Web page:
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Attorney: Other ISU players corroborate Fennelly's racism

Other players have shared with Nikki Moody's attorney they agree with her allegations made against Billy Fennelly.

Ray Carlin-USA TODAY Sports

The Des Moines Register reported today, Nate Borland -- the attorney representing Nikki Moody in her lawsuit-- there are other teammates who stand behind Moody's allegations of the mistreatment from Bill Fennelly as a black player.

While Borland cannot share at the moment the specifics those other women have shared, they do have signed affidavits. Specifically, Borland told the Register this statement:

"There are other players — yes. And there are other players that have signed affidavits or who have confirmed with us that similar things and some cases even more directly racist comments were made."

Even with players coming forward supporting Moody, Borland is unsure if those players too will decide to sue Fennelly and become clients of his.

"I can’t say right now if there will be any other lawsuits," Borland said. "There are former players from Iowa State, who have reached out to us with corroborating information at this point. But we don’t have any additional clients yet."

As details continue to come forward on the lawsuit, particular parties have not been reached to make comments. The Register made an attempt to speak with Iowa State requesting a copy of the complaint or what the Office of Equal Opportunity review, yet to no avail and the same result when reaching out to Moody.

Iowa State did make a comment on the lawsuit and is supporting Fennelly:

"Iowa State takes issue with the allegations and looks forward to responding in full to the lawsuit as the legal process proceeds."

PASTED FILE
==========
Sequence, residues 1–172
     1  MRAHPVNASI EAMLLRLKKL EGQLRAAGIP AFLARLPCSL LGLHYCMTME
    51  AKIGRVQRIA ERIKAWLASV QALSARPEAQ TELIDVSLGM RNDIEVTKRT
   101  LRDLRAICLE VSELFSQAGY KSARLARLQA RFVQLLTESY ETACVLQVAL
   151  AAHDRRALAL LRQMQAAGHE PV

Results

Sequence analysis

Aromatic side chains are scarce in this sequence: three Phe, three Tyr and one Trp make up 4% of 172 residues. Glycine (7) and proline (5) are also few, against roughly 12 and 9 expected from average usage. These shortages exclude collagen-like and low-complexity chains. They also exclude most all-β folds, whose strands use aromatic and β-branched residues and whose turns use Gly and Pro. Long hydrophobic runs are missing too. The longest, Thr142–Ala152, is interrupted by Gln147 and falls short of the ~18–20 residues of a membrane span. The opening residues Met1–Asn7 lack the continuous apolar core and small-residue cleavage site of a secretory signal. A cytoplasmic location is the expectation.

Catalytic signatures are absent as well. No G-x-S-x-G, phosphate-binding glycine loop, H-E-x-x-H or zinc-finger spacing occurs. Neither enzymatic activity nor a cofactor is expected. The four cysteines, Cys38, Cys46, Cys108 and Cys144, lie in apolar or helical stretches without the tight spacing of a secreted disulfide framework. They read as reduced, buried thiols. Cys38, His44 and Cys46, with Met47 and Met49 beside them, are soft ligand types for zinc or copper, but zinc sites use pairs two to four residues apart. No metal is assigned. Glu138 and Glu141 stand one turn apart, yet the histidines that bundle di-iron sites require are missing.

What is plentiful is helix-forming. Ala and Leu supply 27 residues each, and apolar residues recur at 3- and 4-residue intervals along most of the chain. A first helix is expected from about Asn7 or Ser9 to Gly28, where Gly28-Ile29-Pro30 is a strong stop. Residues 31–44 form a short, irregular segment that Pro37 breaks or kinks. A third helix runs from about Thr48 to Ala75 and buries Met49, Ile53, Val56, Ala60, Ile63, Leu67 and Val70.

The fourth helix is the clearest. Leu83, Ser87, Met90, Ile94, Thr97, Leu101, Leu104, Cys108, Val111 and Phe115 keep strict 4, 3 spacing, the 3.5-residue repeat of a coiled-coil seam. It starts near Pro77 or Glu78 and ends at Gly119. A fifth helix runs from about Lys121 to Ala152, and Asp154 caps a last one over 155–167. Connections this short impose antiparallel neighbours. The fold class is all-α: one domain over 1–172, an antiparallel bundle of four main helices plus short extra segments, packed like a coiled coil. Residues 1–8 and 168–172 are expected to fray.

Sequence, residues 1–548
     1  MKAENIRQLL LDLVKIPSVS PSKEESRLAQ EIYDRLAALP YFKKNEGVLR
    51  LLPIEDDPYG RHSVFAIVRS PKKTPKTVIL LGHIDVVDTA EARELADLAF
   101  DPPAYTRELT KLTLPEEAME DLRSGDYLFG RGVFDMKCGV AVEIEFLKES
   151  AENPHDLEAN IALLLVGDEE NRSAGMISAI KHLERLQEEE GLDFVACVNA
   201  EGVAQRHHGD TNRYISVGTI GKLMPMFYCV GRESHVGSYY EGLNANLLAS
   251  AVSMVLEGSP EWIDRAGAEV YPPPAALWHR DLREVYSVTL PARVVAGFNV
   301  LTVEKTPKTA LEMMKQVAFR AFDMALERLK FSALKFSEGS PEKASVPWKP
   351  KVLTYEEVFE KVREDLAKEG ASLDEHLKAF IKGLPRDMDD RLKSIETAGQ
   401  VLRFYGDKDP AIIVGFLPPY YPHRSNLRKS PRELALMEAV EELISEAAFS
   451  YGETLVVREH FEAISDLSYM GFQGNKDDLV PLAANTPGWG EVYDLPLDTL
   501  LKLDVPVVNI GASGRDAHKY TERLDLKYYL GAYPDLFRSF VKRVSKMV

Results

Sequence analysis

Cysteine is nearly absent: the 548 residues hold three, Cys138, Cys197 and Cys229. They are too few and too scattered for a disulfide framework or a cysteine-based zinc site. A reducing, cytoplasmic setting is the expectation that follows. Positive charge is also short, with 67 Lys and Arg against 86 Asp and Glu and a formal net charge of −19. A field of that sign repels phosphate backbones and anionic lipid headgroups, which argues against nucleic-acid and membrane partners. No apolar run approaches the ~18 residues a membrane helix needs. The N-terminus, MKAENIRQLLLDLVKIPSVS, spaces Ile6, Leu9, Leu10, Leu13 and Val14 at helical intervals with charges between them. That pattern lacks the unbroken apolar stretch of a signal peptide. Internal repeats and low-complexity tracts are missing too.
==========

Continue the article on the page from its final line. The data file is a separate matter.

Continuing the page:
Since the news broke, Fennelly has not broken his silence on the lawsuit; Jamie Pollard the athletic director and Iowa State President Steven Leath also have not given any comments.

Lyndsey Fennelly is the daughter-in-law of Fennelly (husband Bill is an assistant on staff) who is leading individuals who support Fennelly, disputing all allegations against him. She told the Register she has not only spoken to about 35 former players, created a group message on Facebook, as well as the hashtag, #StandbyCoach.

"I wanted to be the one to sort of say, hey, if you’re on board supporting him, use the hashtag," Lyndsey Fennelly said.

Kidd Blaskowsky is a former player who also supports Fennelly because he was an equal opportunist when the times came to discipline his players.

"He yelled at white players, he yelled at black players, he yelled at foreign players," Blaskowsky said to the Register. "It’s crazy to see what’s going on here and be OK with it. That’s not what it’s about. I don’t know about the whole issue with the word "thug", but if you look at it in the dictionary, it doesn’t refer to black people."

At the moment it is in the air rather or not Fennelly will return as the head coach. Borland suspects the lawsuit will go to trial, and the jury will have to decide what will happen, included how much compensation Moody would receive.

The possible amount Moody could receive if she is to win the lawsuit is unknown. Earlier this month the Chicago Tribune reported seven former players of the women's basketball team at the University of Illinois were awarded $375,000 to split for their allegations of being racially discriminated against.